Sunday, January 13, 2013
Egotistical Chemical Engineers Learn How To Actually Build Things
Today we woke up and were feeling confident about getting everything done that needed to be done. Over breakfast, Ramsey and Dr. Steve were talking about how awesome the local church is and how cool the service is. Because of this, Erica and I decided to go to the service and then head down to the community after. Unbeknownst to us, the services in Cameroon are a lot longer than at home, so over two hours after the service had started, we had made it back to the Mayor's to pick up Dr. Steve and Ramsey. We went out to the community with all of our diagonal braces for the solar rack prepared to fix them. As we were driving, I got this sinking suspicion that although our holes lined up with the flat pieces, they wouldn't line up with the rack because of the fact that the c-channel could attach to the rack two ways (flipping 180 degrees around its long axis). This fear was augmented when we got to the site and two of the Bakang 1 pieces didn't fit onto the rack in any feasible way. However, our local mechanical expert (Dr. Steve) quickly sorted out our problem for us by explaining that we should put bolts in as placeholders and then tighten everything down later. Although our holes were still not perfect matches, this let us put everything together. It's a good thing that chemical engineers learn this kind of thing in school.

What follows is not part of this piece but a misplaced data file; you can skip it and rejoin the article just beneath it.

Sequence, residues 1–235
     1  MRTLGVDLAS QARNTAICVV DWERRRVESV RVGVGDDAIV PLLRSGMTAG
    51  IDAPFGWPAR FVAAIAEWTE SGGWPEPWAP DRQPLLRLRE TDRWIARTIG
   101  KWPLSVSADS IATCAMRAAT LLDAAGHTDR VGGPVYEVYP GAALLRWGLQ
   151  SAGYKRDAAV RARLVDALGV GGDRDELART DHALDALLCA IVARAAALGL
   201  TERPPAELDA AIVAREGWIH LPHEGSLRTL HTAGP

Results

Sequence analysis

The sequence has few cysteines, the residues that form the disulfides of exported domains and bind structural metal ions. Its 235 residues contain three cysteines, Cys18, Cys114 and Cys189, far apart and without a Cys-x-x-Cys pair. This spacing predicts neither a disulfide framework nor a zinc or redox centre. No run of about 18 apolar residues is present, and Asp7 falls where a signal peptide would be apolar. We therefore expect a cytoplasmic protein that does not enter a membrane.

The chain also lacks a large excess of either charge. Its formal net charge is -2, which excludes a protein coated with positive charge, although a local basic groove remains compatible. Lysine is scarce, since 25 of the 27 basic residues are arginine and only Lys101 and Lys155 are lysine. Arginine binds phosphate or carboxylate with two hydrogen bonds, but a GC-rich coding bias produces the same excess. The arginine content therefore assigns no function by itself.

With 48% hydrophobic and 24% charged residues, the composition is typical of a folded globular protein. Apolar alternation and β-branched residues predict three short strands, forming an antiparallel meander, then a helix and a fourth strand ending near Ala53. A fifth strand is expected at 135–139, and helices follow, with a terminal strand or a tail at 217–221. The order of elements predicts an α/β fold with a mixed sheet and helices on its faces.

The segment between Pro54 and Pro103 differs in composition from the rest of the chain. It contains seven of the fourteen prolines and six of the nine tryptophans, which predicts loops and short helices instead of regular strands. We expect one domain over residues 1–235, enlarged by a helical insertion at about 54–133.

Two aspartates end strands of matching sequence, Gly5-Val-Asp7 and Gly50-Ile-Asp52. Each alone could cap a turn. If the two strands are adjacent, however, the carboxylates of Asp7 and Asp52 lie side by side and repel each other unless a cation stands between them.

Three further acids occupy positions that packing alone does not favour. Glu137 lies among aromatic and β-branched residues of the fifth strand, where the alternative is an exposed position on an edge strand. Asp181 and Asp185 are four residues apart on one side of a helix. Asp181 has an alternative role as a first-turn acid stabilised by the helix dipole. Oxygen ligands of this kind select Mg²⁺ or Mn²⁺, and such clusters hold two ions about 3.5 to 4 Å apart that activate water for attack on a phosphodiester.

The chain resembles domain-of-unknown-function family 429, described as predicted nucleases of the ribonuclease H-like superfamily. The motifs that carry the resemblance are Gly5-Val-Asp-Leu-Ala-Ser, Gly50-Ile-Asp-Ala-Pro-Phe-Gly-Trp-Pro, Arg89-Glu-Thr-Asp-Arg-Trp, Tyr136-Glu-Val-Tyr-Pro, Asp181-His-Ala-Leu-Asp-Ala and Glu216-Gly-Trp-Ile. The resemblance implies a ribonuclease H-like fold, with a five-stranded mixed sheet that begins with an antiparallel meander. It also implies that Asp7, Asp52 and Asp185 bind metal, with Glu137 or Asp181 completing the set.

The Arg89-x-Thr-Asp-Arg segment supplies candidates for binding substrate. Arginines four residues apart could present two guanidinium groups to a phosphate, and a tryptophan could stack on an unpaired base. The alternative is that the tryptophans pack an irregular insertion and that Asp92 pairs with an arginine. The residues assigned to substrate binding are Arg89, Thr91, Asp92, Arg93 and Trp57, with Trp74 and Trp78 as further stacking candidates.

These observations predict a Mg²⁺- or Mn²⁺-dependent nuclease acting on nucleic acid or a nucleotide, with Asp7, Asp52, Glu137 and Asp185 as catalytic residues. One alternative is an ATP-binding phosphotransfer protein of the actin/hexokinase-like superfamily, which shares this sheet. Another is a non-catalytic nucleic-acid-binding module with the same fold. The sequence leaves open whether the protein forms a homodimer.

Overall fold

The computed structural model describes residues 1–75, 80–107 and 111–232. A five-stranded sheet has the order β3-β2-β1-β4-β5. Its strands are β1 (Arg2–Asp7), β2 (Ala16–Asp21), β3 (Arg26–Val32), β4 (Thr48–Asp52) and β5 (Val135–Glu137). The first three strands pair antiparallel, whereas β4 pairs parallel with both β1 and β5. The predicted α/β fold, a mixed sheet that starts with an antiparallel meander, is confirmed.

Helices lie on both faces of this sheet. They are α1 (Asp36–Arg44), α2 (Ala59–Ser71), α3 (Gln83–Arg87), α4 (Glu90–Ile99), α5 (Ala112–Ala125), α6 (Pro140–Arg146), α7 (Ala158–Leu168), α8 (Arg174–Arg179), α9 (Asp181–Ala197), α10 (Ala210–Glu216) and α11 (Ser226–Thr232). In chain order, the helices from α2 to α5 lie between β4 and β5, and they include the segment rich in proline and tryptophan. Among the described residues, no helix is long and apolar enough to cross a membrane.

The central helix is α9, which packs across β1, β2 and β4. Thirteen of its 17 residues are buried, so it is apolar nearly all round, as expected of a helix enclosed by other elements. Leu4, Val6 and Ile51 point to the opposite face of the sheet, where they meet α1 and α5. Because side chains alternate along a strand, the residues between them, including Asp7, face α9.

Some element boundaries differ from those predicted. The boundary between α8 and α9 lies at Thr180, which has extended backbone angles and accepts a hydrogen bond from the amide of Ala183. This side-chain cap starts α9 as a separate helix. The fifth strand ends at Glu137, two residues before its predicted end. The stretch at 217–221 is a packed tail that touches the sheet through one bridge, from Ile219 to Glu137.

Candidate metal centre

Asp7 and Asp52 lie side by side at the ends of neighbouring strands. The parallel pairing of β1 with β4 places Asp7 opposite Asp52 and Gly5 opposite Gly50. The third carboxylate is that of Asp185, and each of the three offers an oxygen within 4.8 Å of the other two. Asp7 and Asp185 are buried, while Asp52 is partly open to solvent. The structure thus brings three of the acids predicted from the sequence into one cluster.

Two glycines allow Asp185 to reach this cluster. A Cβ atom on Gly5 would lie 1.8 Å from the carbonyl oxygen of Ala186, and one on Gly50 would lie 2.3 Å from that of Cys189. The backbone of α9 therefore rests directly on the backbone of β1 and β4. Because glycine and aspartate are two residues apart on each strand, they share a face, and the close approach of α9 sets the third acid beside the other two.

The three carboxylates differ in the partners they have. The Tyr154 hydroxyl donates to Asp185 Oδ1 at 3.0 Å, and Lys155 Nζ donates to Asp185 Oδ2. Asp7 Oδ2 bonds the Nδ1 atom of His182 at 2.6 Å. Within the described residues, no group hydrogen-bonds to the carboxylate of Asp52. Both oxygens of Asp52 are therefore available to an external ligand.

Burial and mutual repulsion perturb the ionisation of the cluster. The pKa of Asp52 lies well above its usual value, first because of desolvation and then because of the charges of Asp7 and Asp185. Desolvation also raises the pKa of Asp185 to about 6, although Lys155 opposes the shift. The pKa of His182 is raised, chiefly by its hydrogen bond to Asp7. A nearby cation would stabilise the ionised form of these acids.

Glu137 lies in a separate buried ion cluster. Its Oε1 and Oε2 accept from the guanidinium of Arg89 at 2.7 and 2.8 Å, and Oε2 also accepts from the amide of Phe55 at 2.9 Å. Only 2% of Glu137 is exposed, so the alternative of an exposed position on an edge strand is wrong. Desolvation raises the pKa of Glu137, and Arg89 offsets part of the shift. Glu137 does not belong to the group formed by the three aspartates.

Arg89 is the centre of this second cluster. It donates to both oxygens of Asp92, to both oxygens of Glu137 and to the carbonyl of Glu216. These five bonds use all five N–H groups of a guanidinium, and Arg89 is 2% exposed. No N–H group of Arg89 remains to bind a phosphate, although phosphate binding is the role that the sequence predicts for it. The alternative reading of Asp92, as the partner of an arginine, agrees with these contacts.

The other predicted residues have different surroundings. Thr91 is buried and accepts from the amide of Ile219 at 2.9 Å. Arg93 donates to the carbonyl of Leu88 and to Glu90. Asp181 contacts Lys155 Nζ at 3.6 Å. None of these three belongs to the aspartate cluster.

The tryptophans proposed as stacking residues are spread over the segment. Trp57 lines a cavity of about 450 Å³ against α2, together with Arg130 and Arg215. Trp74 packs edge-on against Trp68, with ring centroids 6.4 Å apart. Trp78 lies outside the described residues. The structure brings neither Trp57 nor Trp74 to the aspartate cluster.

After the racks were assembled, I called Dr. Steve to see what he and Ramsey were up to, and he told me that we should walk up the Bakang 2 line checking for any breaks. When Erica and I got to the top, Felix was just finishing replacing a bit of pipe in the Bakang 2 line that had apparently been bludgeoned with a pick axe. It was kind of mind boggling that someone would have done that, but luckily it was an easy fix and so we began to inspect the rest of the system for any kind of tampering. Dr. Steve and I bush-wacked our way through head high grass from the Bakang 2 chief's to the junction box, which is how we spotted two leaks in the supply line to the ferrocement. Unfortunately, we still didn't know why there was no water in the Bakang 2 distribution line, but we hope to figure that out tomorrow.